WOW – Work Of the Week – Robert Rauschenberg “Chow Bags Series”

Chow Bags - Monkey Chow Chow Bags - Rabbit Chow

Monkey Chow and Rabbit Chow, from Chow Bags Series
Screenprint with collage of string
48 1/8 x 36 3/8 in. each
Edition of 100

Pencil signed and numbered

About These Works:

Robert Rauschenberg’s Chow Bags portfolio (1977) consists of six screen prints with graphite and plastic thread, each featuring a different domesticated animal. The prints are based on paper collages that Rauschenberg created from actual bags of animal feed manufactured by Ralston Purina (now Purina Mills), a company best known for its Dog Chow and Cat Chow brands. He chose the packaging for the less common feeds, based on bags for a livestock feed.
They are: 
Mink Chow, Goat Chow, Monkey Chow, Hog Chow, Rabbit Chow, and  Calf Startena (based on a bag for a livestock feed supplemented with nutrients for early growth).

They all share the distinctive red-and-white checkered pattern (except Monkey Chow, which has the green and white checkered pattern), made famous by Purina’s more familiar products. By incorporating this pattern and other prominent design elements of the bags, Rauschenberg’s Chow Bags call attention to the simultaneous familiarity and strangeness of Purina’s graphic identity.

Photographs of the finished collages were used as the basis for the screen prints. Although Rauschenberg selectively cut and partially flattened the paper feed bags to create his collages, he retained their rectangular shape and allowed this form to dictate the overall configuration of each print. The bold, graphic renderings of the animals at the center of these works are surrounded by various arrangements of fainter transfer images such as flowers and leaves, cars stuck in traffic, Coca-Cola bottles, and a woman’s glossy, manicured finger. The resulting compositions present the animals gazing out as in traditional portraiture, playfully framed by colorful graphics and strong geometric shapes. 

After the silkscreen process, additional collage elements were applied to each print, including small pieces of fabric and plastic stitching that mimics the pull-strings used to open feed bags. The Chow Bags series was printed by Styria Studio in New York, and issued in an edition of 100.

Rauschenberg was impressed by the history of Purina Mills. Founded by William Danforth in 1884, the company produced Purina Chow, a line of food for animals that prospered for well over a century. The name of the product has an explanation. The word Purina (from pure) was coined to describe the purity of the grain made by the Danforth mills, and Chow is the name that soldiers during World War I used to refer to food.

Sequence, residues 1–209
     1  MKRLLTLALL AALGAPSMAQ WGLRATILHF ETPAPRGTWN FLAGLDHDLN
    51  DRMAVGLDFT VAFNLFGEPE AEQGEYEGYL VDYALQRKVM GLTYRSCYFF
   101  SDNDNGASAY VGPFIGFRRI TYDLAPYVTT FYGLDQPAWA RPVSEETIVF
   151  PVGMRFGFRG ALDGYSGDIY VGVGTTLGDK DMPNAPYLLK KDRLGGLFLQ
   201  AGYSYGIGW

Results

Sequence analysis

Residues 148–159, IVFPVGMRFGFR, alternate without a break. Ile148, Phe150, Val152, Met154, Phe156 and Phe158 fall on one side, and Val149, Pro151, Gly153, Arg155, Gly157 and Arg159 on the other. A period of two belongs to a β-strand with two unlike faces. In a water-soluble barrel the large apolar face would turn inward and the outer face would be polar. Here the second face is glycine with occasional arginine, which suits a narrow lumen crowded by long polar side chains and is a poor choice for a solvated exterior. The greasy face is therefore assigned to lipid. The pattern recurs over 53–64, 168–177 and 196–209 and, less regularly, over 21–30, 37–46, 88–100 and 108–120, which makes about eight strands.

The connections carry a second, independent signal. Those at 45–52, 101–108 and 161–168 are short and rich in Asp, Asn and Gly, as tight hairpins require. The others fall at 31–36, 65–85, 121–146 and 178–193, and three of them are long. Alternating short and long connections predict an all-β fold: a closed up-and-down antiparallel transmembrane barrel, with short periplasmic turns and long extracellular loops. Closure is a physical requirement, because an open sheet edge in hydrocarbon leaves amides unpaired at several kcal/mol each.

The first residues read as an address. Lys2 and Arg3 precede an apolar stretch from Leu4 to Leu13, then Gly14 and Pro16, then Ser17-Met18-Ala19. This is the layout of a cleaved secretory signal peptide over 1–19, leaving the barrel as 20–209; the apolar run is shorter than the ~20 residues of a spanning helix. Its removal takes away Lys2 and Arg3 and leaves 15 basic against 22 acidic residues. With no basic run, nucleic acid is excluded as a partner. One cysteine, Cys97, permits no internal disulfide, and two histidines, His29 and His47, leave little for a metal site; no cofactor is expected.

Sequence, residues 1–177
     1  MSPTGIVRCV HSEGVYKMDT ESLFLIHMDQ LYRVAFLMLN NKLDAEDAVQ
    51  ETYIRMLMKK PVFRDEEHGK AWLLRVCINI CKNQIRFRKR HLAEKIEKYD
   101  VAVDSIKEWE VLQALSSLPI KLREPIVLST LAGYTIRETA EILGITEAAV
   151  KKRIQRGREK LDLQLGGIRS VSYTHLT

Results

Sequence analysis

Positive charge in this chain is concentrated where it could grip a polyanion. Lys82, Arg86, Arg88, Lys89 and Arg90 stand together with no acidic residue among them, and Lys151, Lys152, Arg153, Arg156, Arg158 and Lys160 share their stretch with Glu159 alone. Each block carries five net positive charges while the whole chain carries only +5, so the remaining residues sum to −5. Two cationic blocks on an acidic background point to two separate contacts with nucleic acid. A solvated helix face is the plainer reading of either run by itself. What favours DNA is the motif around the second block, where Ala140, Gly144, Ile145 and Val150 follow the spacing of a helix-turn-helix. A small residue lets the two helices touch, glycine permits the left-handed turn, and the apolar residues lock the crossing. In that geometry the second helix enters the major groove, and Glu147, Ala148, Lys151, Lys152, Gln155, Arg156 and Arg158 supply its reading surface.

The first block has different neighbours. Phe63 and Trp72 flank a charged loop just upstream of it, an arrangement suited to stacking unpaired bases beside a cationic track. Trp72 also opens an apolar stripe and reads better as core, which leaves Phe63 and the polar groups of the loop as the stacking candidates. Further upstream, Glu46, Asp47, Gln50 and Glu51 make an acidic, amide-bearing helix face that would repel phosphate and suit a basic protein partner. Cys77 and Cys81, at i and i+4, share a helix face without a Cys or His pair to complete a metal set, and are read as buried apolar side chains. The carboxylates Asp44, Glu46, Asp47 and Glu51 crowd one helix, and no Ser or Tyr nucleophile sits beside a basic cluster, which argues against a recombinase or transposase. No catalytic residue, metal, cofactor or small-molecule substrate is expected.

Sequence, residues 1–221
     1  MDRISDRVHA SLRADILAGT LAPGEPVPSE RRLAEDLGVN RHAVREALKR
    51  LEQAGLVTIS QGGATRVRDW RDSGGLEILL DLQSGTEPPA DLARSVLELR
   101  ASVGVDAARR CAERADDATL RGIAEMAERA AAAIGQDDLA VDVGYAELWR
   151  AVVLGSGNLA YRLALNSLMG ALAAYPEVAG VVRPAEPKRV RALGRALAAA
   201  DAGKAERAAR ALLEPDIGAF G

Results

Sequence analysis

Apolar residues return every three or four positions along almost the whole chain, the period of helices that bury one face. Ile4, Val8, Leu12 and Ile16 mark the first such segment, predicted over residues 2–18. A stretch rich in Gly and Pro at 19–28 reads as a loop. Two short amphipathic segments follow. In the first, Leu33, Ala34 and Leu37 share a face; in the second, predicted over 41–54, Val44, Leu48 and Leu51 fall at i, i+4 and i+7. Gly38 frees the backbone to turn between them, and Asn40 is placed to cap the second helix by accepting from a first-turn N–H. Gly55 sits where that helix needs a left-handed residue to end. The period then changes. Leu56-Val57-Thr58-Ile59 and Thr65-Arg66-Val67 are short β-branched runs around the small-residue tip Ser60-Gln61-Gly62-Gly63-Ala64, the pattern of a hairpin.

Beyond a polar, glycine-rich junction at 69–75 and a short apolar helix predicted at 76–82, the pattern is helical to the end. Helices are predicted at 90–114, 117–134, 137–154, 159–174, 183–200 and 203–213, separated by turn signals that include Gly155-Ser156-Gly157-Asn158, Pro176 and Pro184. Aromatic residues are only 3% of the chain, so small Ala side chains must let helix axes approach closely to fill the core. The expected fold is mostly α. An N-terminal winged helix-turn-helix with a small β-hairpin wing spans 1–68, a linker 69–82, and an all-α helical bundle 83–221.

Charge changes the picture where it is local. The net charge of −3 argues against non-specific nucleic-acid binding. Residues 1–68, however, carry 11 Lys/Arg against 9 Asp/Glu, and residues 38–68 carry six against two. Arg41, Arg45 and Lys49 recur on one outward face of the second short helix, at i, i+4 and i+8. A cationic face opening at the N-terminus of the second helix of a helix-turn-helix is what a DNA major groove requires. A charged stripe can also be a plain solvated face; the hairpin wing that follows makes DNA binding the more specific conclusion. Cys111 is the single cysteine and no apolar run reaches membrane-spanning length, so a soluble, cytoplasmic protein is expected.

Purina Mills supported the United States’ war effort. It assisted farmers through various programs to produce better food for the troops; and during the Great Depression, the company increased the sale of its breakfast products by rewarding — with toys and trinkets — any youngster who returned box tops to the company. This exemplified the power of advertising in even a poor economy. The success and entrepreneurial spirit of the Purina Mills company stands as an example of capitalistic America at it best.

The Chow Bags series embraces the very essence of what Robert Rauschenberg has been trying to capture and convey in his art, and in the Pop Art movement in general.  
Pop Art’s introduction of identifiable imagery (drawn from mass media and popular culture) was a major shift from the direction of Modernism and Abstract Expressionism.   Pop artists celebrated commonplace objects and people of everyday life. By creating paintings or sculptures of mass culture objects and media stars, and incorporating  commercial images, the Pop Art movement aimed to blur the boundaries between “high” art and “low” culture, in this way seeking to elevate popular culture to the level of fine art. 

Rauschenberg’s Chow Bags series seemingly embraced the post World War II manufacturing and media boom. His choice of Purina Chow as imagery is an enthusiastic endorsement of the capitalist market and the goods it circulated, while at the same time denotes an element of cultural critique, playing on the concept of consumerism that was at an all time high after the war, and also elevating the everyday to high art: tying the commodity status of the goods represented to the status of the art objects themselves. Which is exactly what the Pop Art movement is about.